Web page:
sun 28/05/2017

'It’s a much more freeing experience than Harry Potter' | reviews, news & interviews

'It’s a much more freeing experience than Harry Potter'

'It’s a much more freeing experience than Harry Potter'

David Yates, director of 'Fantastic Beasts and Where to Find Them', on moving on from Hogwarts

David Yates (right) with Eddie Redmayne and Katherine Waterston

David Yates is not the best-known film director in the world, but he has been at the helm of four of the most successful. All of them had “Harry Potter and the” in the title. After the last Potter movie he took a break among the computer-generated jungle foliage of The Legend of Tarzan, but he’s now back working in the service of JK Rowling’s imagination with Fantastic Beasts and Where to Find Them.

His fantastic beasts, under the protection of magizoologist Newt Scaramander, can be found on the cinema from this weekend. Four more outings for Newt have been announced, so the world had better get used to Eddie Redmayne (pictured below) wearing a shabby blue coat and a look of wide-eyed wonderment. Yates, who in a previous life made serious dramas for British television, is slated to direct the lot. At the age of 52, is there any escape for him from the escapism of Rowling’s magical world?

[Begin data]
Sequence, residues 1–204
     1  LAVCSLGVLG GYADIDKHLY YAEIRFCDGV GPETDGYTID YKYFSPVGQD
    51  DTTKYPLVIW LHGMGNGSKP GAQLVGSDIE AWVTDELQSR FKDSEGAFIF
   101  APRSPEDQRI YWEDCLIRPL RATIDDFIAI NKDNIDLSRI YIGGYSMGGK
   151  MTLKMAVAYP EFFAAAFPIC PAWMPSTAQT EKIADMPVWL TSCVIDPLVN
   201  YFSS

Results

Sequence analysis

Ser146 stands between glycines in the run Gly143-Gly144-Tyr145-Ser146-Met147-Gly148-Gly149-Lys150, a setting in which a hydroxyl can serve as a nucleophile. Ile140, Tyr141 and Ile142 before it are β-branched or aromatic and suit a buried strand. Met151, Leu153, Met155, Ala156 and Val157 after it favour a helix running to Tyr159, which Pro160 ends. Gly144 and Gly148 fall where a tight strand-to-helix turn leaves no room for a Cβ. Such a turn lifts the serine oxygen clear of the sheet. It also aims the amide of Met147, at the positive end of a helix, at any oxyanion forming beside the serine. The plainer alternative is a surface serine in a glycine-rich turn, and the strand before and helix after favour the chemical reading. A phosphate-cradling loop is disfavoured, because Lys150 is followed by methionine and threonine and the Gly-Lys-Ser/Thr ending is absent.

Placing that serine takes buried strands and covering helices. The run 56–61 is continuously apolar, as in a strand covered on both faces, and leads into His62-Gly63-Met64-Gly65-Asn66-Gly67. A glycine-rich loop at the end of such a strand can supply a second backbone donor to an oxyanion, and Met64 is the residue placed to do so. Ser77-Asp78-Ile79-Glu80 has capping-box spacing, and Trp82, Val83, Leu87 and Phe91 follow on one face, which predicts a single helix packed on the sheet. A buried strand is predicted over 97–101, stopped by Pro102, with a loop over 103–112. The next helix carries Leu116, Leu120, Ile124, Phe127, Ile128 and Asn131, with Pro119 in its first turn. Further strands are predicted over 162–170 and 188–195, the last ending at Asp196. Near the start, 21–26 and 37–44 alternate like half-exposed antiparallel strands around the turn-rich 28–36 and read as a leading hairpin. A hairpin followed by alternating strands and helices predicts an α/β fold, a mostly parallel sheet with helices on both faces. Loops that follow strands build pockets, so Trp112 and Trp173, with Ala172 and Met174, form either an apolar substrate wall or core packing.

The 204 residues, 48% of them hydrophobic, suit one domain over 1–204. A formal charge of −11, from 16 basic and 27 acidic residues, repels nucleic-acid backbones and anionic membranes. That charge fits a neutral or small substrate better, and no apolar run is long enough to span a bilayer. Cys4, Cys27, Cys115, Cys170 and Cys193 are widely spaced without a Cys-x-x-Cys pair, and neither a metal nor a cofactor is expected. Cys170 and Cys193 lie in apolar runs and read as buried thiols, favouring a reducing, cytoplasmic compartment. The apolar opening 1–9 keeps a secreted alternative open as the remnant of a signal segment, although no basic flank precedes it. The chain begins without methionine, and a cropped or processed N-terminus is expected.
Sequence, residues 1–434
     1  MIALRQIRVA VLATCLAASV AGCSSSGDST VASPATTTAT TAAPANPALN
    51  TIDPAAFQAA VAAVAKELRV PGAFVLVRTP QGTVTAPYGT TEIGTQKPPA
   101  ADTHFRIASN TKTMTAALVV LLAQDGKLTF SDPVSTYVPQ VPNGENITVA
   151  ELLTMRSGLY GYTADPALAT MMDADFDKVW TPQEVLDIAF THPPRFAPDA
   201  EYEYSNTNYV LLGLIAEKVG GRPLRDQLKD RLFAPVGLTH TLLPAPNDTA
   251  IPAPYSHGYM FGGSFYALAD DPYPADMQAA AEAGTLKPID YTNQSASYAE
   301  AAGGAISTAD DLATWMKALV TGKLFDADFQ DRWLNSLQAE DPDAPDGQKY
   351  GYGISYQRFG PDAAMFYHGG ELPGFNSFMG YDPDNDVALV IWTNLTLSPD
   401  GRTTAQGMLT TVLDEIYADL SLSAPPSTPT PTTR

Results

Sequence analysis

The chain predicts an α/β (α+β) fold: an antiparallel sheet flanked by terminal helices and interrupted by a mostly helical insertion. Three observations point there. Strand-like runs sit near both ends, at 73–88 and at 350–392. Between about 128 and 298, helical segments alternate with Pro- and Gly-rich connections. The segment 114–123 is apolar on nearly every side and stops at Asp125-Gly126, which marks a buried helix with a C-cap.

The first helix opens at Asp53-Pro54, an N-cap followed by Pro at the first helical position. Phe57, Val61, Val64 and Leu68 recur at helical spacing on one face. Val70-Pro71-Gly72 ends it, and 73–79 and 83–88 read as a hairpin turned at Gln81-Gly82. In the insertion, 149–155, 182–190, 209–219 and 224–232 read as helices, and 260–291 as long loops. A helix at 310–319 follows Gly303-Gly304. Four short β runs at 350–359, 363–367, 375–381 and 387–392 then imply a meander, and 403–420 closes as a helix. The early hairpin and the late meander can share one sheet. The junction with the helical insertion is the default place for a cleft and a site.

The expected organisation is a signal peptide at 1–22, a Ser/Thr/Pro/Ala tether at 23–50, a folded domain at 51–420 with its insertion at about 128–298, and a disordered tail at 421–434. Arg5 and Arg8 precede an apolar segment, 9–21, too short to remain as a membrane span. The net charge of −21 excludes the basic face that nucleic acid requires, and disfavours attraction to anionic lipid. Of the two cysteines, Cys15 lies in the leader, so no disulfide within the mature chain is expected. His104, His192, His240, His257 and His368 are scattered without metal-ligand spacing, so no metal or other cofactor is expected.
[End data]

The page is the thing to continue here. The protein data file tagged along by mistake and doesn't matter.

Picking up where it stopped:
JASPER REES: How does it make a difference to be working in JK Rowling’s magic world where, for once, the audience doesn’t know what’s going to happen?

DAVID YATES: For a filmmaker it’s quite liberating, because obviously when we adapted the books many of the readers were so proprietorial about that material. They were so invested in the characters in every single chapter. So whenever we took anything out in our adaptation, which inevitably we had to because you were taking a 700-page book to a two-hour movie, they felt the loss profoundly, some of them, and quite rightly by the way.

So here Jo is writing purely for that cinema screen, 500 people in a darkened room together experiencing a story for the first time. And so there is no preconceived idea of where the story is before people come into the theatre. So it makes my job a bit easier. In some ways because I’m not having to take away things that we all love to squeeze into a two-hour cinema movie, for me personally it means working directly with Jo and [Potter scriptwriter] Steve Clovis. Jo writes the screenplay and it’s a great privilege to see her work up close and how her imagination works. The sheer pace of work that she achieves is really impressive. It’s a much more freeing experience for me as storyteller because we’re bringing these stories completely freshly to the audience.